This summer we are going to be spending an unfortunate amount of time in the famous Phoenix, Arizona heat. In order to make things as tolerable as possible, we learned from the examples set by our neighbors.
Last year, before we moved into our RV but when were spending many hot summer days customizing it, we cut pieces of Reflectix foil covered bubble wrap to fit the windows. The added insulation and reflective material made a big difference during the hottest parts of the day, and our electric bill went down about 30%.
This year, we wanted to improve on that. Our space is oriented so the bulk of the day’s sun is directed at our two main slides: our bedroom and our main living space (couch and kitchen table/work desk). Slide walls are thinner than the rest of an RV’s walls, so they have less insulation. When the sun beats down, the heat transfers inside quickly, sometimes making the windows too hot to touch. As we mentioned in previous posts, we added two LGI slide top awnings to shield the roof, which helped a lot, but I wanted to make it even better.
I bought foil-backed 1.5” thick Styrofoam boards and cut them to fit the sidewalls of our slides. (I know some RV parks frown upon using this type of insulation but our park is very understanding.)
Our slides use a cable system to move in and out, so I was able to use this cable system to help secure the panels in place. Measuring the location of the cables, I carved out a trench in the back of the insulating panel to fit the cables. I set the depth of the trench so the panel stood away from the actual outside wall of the unit. Even in a desert environment, it is important to limit areas where moisture can be trapped and develop mold. I wanted to make sure there was space for air to flow (and water to dry) between the wall and the insulation.
I cut space for the side windows to let some light into our living space, because the cats (and wife) get anxious when they can’t see what’s happening outside. I used foil tape to cover the raw edges of the foam board, connect smaller end-pieces to make full-sized panels, and repair some nicks and scratches in the foam board.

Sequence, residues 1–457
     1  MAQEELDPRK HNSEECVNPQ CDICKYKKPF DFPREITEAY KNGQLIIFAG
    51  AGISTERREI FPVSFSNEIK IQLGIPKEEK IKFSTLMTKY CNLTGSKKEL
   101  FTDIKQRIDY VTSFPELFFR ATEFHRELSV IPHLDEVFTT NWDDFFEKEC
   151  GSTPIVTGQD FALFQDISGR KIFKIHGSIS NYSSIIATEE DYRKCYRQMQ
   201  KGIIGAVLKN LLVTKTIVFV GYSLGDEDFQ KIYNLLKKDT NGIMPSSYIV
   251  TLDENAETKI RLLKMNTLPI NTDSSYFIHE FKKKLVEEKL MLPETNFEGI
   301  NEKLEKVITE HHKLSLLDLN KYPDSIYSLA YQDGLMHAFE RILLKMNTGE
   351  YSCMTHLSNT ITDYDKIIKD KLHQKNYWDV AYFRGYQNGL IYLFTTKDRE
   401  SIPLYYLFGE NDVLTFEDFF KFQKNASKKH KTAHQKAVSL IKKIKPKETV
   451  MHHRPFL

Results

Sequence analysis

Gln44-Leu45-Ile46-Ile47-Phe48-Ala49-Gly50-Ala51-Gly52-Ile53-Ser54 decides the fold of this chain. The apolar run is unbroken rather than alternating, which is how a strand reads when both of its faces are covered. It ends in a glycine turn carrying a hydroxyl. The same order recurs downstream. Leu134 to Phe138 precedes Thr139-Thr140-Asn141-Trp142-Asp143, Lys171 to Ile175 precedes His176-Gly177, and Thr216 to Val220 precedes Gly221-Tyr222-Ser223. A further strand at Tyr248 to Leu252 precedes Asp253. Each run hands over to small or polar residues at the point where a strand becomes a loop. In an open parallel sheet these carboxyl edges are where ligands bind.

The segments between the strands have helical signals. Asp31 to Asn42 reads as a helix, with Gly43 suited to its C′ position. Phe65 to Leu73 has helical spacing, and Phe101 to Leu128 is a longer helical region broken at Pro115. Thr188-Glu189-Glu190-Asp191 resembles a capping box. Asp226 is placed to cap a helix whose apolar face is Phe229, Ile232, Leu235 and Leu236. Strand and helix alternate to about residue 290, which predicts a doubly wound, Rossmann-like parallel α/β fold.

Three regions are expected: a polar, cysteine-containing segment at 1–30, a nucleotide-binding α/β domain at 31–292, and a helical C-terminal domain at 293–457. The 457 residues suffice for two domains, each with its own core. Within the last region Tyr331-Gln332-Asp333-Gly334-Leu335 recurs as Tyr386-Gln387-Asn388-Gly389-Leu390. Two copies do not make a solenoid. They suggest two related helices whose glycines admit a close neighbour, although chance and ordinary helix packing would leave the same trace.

To secure the panels to the unit, I tried a couple different methods: On one slide, I used spring-bar curtain rods between the trim edge of the slide and the RV wall to hold the panels in place. Since I couldn’t find spring bars to fit the second slide, I used mason twine looped around the front of the panel and through the slide cables. I covered the string with foil tape. With Monsoon season coming, I am hoping both methods hold up to the wind and rain. As a bonus, I think the foil tape on the raw cut ends of the panels gives it a more professional look, while preventing the shedding of little bits of Styrofoam in harsh weather, where it could harm wildlife.
Besides the slides, we have one additional area of the RV where heat comes in: our pantry. We have a nice big food pantry, and it’s located right next to the fridge. While installing our vent fan system in the fridge flue (which I will talk about in a future post!), I noticed that the wall between the fridge flue and the pantry is only ¼” plywood. While some areas of the wall are protected by the fridge’s insulation wrap, most of the separator wall was built without insulation, so hot air from the fridge condenser and the sun beating on the wall at the back of the pantry meant that on some days, we didn’t need to heat our cans of beans before eating them.
Removing the fridges (we have two) and adding foam board insulation inside the fridge areas would’ve been a lot of frustrating work. Instead, I decided to insulate the inside the pantry itself. I used 1” foil backed Styrofoam insulation board, covering each section with wood-patterned Con-Tact paper so it would blend in with the rest of the woodwork. Because I cut the foam board to fit snugly, I didn’t need to use any adhesive to hold them in place. The pantry’s temperature difference is noticeable, now that we’ve seen several days in the high 90’s, we’re no longer snacking on extremely warm potato chips.
Published on May 9, 2019.